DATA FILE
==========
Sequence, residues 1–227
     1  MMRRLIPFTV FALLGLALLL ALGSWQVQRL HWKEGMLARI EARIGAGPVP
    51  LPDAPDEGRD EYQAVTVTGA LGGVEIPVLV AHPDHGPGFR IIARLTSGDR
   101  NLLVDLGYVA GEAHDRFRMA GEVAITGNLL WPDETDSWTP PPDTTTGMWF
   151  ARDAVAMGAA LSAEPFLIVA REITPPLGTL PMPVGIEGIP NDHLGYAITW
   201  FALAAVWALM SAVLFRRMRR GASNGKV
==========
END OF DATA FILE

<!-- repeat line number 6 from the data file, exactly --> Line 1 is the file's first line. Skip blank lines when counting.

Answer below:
   201  FALAAVWALM SAVLFRRMRR GASNGKV